The lack of consistency, both in terms of similar incidents and in comparison with other more serious indiscretions was the most startling aspect of Robben’s premature exit from the game. Countless instances of players and managers celebrating with fans and remaining unpunished can be cited by way of example; step forward Stuart Pearce and Blackburn’s Morten Gamst Pedersen to name just two. But at the time of writing we await news of the fate of Barcelona’s ever-charming loose cannon Samuel Eto’o, who received no punishment for spitting in the face of Athletico Bilbao defender Unai Exposito during a La Liga fixture on Sunday. Will mad Mr. Blatter chip into the debate, citing the rulebook for Robben but ignoring the phlegm in Spain? Who knows — football’s authorities are a law unto themselves so reasoned comment and explanation of the game’s anomalies are the last thing we should expect as mere paying punters.

Which deserves greater punishment — spitting in the face of a fellow professional or celebrating a (winning) goal with fans who have paid good money and traveled hundreds of miles to watch a game? Individual biases and age-old rivalries aside, does anyone really want to see Rooney, Henry or Gerrard booked for celebrating with those that idolise them? By all means, reprimand them for sarcastic gestures towards opposition fans but do at least try to understand one of the few remaining pieces of common ground shared by supporters and players — the adrenalin rush of sheer excitement that a goal brings.

Whilst not appearing to have a great deal in common, the Robben incident and dear old Sven, the weekend’s other big news are two sides of the same rather tarnished coin. With half the country fuming self-righteously and the other half amazed that anyone in the public eye still falls for the old “super-rich sheik and a few alcoholic tongue-looseners” scam, the errant Swede added another black mark to his zero-hero-zero tenure in charge of the national side. Unprincipled, indiscreet money-grabbing swordsman Eriksson may be (an ideal bedfellow for English football, you might think), but the nature of his entrapment will only serve to make both him and the players more reticent to communicate openly with a media that is now more adept at manufacturing football related news with its own slant than it is at reporting what actually happens. (And pity poor old Villa; Doug Ellis and David O’Leary and then the fantasy threat of Sven and Beckham — haven’t they suffered enough for one lifetime?)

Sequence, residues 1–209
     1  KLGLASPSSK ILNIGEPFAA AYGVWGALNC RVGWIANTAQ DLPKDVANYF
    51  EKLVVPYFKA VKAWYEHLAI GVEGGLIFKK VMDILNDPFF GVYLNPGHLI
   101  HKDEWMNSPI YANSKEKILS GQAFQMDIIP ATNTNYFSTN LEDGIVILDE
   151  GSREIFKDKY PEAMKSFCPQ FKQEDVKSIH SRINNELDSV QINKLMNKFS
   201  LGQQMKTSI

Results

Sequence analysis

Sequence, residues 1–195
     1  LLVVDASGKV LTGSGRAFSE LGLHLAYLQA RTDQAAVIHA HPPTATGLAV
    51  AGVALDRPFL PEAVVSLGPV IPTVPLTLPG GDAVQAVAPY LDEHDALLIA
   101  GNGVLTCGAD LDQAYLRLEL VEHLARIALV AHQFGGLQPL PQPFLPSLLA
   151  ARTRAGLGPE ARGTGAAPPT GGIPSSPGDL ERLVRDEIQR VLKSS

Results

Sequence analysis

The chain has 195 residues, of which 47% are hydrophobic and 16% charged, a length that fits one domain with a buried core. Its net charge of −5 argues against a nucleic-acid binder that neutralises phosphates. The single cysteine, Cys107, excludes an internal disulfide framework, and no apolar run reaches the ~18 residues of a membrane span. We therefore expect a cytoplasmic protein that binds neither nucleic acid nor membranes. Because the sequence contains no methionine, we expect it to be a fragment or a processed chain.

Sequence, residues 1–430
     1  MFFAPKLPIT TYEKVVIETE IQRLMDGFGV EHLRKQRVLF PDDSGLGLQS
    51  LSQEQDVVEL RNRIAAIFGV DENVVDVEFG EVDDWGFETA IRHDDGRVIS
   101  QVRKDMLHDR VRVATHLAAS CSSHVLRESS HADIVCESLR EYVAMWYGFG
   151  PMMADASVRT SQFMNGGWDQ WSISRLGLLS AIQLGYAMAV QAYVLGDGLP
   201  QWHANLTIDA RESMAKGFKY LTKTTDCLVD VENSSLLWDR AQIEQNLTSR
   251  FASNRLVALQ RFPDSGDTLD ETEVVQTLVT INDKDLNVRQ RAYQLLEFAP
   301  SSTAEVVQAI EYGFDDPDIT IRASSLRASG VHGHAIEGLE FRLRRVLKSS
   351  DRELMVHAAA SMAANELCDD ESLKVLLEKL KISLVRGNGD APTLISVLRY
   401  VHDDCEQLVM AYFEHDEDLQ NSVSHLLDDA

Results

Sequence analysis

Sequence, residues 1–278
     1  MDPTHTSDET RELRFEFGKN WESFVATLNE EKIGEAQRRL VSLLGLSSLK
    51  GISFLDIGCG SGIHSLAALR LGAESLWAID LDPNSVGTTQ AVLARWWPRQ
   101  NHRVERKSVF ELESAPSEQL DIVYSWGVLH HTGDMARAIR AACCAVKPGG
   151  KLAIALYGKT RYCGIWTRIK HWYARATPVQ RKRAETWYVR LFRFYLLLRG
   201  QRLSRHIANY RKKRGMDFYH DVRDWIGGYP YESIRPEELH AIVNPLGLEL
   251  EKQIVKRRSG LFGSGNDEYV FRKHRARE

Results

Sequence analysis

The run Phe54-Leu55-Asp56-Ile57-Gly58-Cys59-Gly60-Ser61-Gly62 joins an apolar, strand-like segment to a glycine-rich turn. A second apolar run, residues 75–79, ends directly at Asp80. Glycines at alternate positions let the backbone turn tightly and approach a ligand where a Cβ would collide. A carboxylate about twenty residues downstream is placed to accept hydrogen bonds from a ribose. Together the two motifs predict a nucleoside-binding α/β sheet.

The almost cowardly “just doing his job” defence of, in Chris Foy’s case, a very poor refereeing performance in the view of both sides draws a thin veil over the fact that the rule makers and enforcers seem to have little comprehension of the passionate nature of the game and its fans at the most basic level. Draconian health and safety regulations will probably be given as the reason, but banning players from anything other than on-pitch congratulation by their colleagues only serves to remove yet another link between ‘us’ and ‘them’. The same applies to every newspaper sting, exposé or misrepresentation of a manager or player’s words; the football community will become more wary and reluctant to give anything other than carefully managed press conferences and interviews, withdrawing themselves into their own protective bubble and moving further away from the public. The game needs and indeed thrives upon controversy, but the gap between those on the pitch and those in the stands has grown ever wider with this weekend’s events.